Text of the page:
Ethiopia once had a sizable Jewish population known as the Beta Israel, or House of Israel. Theories about the Jews’ origins range from the legendary belief that they are descendants of Menelik I, said to be the son of the Queen of Sheba and King Solomon, to speculation that they are related to the lost tribe of Dan, Samson’s tribe. Scholars believe that Judaism had arrived in Ethiopia by the fourth century A.D., probably introduced by Jews from Egypt or the Arabian Peninsula. The Beta Israel likely didn’t emerge as a separate community until the 14th or 15th century. Denied land, they became weavers and ironsmiths—skills that helped them survive but branded them as dangerous sorcerers, further isolating them from Ethiopian Christians and Muslims. In the mid-1980s 7,000 Ethiopian Jews were airlifted via Sudan to Israel in an effort named Operation Moses. In 1991 thousands more fled to Israel during the final days of communist strongman Mengistu Haile Mariam. Today only a few practicing Beta Israel remain in Ethiopia.

—Candice S. Millard

Read the latest news about Ethiopia and explore a variety of web links about this fascinating African culture.

The Ethiopian Orthodox Tewahedo Church
Learn about the history and tenets of the Ethiopian Orthodox faith.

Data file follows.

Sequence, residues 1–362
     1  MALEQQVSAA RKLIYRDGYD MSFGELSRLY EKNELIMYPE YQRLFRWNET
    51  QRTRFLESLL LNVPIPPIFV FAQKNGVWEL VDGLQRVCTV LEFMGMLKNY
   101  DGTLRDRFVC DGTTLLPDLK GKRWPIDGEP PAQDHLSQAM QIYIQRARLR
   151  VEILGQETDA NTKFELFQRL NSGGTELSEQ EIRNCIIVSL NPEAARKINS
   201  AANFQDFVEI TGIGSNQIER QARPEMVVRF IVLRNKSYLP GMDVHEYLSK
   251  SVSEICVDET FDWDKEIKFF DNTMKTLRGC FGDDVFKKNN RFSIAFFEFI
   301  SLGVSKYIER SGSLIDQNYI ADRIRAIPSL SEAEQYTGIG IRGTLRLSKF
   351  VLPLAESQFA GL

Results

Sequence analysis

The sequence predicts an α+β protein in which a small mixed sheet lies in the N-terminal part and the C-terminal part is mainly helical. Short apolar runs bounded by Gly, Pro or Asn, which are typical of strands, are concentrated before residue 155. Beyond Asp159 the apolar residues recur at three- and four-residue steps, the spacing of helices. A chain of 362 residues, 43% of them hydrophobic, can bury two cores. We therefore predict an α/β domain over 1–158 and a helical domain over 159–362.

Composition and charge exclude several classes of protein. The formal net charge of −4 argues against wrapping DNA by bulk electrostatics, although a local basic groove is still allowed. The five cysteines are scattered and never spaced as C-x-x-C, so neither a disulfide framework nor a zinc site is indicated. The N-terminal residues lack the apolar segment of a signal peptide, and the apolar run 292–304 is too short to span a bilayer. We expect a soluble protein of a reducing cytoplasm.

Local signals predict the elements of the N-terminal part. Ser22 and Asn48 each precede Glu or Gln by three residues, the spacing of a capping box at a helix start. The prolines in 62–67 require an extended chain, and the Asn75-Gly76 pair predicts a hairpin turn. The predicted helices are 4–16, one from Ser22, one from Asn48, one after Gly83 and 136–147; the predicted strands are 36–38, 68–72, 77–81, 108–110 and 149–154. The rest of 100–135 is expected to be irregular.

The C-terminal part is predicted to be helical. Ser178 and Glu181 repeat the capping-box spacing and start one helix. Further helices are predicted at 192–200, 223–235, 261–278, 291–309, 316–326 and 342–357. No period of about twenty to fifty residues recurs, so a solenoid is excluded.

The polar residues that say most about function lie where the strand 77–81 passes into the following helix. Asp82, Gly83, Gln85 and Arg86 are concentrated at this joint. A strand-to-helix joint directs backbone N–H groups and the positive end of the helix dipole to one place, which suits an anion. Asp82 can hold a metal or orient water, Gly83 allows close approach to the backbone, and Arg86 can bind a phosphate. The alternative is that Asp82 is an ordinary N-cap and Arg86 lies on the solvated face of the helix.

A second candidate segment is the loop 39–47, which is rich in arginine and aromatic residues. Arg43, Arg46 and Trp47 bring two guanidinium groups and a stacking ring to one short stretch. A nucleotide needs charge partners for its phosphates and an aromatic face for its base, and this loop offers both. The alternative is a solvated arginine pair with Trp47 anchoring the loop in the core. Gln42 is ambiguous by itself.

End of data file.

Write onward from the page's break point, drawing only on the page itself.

In Parentheses
Read a translation of the Kebra Nagast, Ethiopian chronicle of the legendary Queen of Sheba and her journey to Jerusalem to visit King Solomon.

Yumo Tours: Axum
Take a short photo tour of Ethiopia’s most famous sights.

Travel through Ethiopia’s neighbor, Sudan, and discover its ancient capital of Meroë, once conquered by Aksum kings.

Photographs by George Steinmetz
View more stunning photography by George Steinmetz. His work covers a wide range of topics, from indigenous people to technology, but without exception his ability to find a unique perspective makes for amazing photos.


Gerster, Georg. Churches in the Rock. Phaidon Press, 1970.

Hein, Ewald, and Brigitte Kleidt. Ethiopia—Christian Africa. Merlina-Verlag, 1999.

Henze, Paul B. Layers of Time, a History of Ethiopia. St. Martin’s Press, 2000.

Munro-Hay, Stuart. Aksum, an African Civilization of Late Antiquity. Edinburgh University Press, 1991.

Phillipson, David W. Ancient Ethiopia. British Museum Press, 1991.


Morell, Virginia. “The Blue Nile: Ethiopia’s Sacred Waters,” National Geographic (December 2000), 2-29.

Kendall, Timothy. “Sudan’s Kingdom of Kush,” National Geographic (November 1990), 96-125.

Caputo, Robert. “Ethiopia: Revolution in an Ancient Empire,” National Geographic (May 1983), 614-645.

Gerster, Georg. “Searching Out Medieval Churches in Ethiopia’s Wilds,” National Geographic (December 1970), 856-884.

Harlan, Harry V. “A Caravan Journey Through Abyssinia: From Addis Ababa Through Lalibela, the Strange Jerusalem of Ethiopia, in Search of New Grains for American Farms,” National Geographic (June 1925), 613-663.

Crosby, Oscar T. “Abyssinia—The Country and People,” National Geographic (March 1901), 89-102.


© 2001 National Geographic Society. All rights reserved. Privacy Policy       Advertising Opportunities       Masthead

NATIONAL GEOGRAPHIC MAGAZINE HOME Contact Us Forums Subscribe Contact Us Forums Subscribe